Spin-exchange optical pumping (SEOP) has been widely used to produce enhancements in nuclear spin polarisation for hyperpolarised noble gases. However, some key fundamental physical processes underlying SEOP remain poorly understood, particularly in regards to how pump laser energy absorbed during SEOP is thermalised, distributed and dissipated. This study uses in situ ultra-low frequency Raman spectroscopy to probe rotational temperatures of nitrogen buffer gas during optical pumping under conditions of high resonant laser flux and binary Xe/N2 gas mixtures. We compare two methods of collecting the Raman scattering signal from the SEOP cell: a conventional orthogonal arrangement combining intrinsic spatial filtering with the utilisation of the internal baffles of the Raman spectrometer, eliminating probe laser light and Rayleigh scattering, versus a new in-line modular design that uses ultra-narrowband notch filters to remove such unwanted contributions. We report a ~23-fold improvement in detection sensitivity using the in-line module, which leads to faster data acquisition and more accurate real-time monitoring of energy transport processes during optical pumping. The utility of this approach is demonstrated via measurements of the local internal gas temperature (which can greatly exceed the externally measured temperature) as a function of incident laser power and position within the cell.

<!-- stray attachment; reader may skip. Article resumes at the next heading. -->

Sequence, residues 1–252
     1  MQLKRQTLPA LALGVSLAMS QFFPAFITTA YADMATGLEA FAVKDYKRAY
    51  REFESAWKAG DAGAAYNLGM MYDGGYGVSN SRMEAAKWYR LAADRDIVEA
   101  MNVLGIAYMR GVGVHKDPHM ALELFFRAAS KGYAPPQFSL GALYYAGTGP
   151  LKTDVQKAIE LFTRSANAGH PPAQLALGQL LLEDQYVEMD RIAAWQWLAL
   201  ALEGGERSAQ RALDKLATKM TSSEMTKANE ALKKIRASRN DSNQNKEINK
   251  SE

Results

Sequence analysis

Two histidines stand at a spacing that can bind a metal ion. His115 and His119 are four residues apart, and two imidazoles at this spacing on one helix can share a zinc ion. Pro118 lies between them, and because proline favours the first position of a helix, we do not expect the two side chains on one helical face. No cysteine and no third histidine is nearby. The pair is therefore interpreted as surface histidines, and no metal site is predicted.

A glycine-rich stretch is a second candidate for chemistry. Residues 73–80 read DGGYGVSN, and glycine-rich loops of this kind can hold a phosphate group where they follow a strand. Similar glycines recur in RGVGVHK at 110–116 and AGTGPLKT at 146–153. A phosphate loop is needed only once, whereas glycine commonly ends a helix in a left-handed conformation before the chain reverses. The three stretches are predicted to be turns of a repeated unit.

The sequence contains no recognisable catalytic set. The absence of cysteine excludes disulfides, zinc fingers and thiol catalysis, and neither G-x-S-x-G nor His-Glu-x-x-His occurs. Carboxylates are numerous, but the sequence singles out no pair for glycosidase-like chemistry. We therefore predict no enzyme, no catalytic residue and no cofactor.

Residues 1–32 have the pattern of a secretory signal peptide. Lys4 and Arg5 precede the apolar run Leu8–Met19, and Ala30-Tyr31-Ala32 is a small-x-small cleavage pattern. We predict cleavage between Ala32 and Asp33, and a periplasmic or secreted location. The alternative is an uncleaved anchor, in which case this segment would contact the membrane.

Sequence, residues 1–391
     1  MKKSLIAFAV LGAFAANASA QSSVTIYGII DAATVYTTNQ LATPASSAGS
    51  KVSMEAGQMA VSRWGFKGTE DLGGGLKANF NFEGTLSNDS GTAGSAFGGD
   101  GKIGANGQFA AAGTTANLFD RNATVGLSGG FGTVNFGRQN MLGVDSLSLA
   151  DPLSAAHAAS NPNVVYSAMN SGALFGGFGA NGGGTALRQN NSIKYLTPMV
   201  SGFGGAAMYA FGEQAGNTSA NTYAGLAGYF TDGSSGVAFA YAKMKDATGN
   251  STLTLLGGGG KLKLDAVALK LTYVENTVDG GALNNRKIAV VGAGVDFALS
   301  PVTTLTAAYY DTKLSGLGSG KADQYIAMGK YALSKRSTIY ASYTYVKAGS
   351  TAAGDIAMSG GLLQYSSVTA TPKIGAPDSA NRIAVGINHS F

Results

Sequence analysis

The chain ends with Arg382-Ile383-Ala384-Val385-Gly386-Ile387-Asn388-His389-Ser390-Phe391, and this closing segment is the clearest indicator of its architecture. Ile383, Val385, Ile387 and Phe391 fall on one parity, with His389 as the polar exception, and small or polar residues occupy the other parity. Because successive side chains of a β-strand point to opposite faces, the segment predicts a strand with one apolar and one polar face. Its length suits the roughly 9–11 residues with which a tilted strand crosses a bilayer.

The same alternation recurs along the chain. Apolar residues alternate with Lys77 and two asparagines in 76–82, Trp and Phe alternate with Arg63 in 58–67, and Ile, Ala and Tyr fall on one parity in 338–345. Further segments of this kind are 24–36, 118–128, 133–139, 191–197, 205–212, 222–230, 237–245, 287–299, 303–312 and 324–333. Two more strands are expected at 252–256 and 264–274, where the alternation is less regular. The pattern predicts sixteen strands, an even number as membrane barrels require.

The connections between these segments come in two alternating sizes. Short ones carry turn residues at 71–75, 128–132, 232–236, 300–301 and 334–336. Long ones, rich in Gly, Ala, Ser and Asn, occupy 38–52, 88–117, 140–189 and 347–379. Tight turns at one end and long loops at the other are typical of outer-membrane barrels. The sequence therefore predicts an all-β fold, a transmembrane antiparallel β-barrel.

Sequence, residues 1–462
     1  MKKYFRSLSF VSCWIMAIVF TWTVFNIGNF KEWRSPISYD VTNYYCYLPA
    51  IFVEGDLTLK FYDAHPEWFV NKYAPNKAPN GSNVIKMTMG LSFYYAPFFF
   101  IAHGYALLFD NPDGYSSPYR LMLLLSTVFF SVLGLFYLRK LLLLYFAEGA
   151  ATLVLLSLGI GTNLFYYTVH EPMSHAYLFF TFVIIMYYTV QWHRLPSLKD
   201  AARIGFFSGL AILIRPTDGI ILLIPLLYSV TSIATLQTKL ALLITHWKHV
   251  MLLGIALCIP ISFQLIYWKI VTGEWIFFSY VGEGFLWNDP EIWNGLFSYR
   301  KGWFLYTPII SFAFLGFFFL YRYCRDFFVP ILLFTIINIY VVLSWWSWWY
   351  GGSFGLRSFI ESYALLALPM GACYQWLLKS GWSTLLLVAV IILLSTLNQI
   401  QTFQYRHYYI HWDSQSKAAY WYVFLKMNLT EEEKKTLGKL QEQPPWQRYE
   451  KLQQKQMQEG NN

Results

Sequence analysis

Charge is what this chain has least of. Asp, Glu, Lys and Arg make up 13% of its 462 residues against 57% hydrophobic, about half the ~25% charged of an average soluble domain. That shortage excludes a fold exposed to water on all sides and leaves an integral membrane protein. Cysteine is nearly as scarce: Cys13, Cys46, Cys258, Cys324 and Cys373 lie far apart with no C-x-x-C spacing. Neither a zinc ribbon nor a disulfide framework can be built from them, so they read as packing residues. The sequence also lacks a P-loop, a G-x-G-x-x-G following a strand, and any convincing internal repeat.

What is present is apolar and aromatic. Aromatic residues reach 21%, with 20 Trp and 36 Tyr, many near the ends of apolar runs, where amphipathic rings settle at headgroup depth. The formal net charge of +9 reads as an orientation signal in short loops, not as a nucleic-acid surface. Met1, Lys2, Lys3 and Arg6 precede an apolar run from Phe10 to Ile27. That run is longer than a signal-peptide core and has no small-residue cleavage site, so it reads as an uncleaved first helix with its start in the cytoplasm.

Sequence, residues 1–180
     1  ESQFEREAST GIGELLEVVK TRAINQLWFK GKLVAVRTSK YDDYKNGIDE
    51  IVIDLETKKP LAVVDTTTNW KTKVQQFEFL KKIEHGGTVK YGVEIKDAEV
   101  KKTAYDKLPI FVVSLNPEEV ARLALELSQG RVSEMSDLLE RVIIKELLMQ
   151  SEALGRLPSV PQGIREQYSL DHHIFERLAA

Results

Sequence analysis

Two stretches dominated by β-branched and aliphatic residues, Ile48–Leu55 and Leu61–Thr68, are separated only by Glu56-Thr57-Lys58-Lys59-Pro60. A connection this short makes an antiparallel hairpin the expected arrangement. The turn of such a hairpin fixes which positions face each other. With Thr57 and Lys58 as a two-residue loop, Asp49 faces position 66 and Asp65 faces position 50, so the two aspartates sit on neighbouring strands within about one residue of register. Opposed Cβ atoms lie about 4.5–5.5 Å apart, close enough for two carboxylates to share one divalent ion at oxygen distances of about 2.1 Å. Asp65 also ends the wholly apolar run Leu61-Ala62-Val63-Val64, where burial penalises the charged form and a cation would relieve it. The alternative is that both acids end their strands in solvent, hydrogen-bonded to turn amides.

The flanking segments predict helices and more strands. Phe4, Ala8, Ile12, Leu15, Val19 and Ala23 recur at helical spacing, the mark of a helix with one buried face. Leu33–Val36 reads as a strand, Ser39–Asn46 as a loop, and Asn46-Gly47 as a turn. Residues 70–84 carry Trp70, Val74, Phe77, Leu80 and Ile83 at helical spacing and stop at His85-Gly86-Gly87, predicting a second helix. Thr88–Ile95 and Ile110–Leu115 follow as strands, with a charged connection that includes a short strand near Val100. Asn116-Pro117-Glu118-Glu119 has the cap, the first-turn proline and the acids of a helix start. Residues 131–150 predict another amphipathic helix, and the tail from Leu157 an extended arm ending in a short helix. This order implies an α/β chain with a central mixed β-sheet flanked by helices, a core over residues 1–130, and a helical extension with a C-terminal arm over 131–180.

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The much larger differences between internal (gas) and external (wall/oven) temperatures measured in ref  likely reflect the much longer optical pumping times for those experiments (allowing more thermal energy to accumulate within the cell), as well as any gas mixture-dependent effects.
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Newton, H., Walkup, L.L., Whiting, N. et al. Comparative study of in situ N2 rotational Raman spectroscopy methods for probing energy thermalisation processes during spin-exchange optical pumping. Appl. Phys. B 115, 167–172 (2014). https://doi.org/10.1007/s00340-013-5588-x
- Notch Filter
- Raman Line
- Raman Spectrometer
- Alkali Metal Atom
- Nuclear Spin Polarisation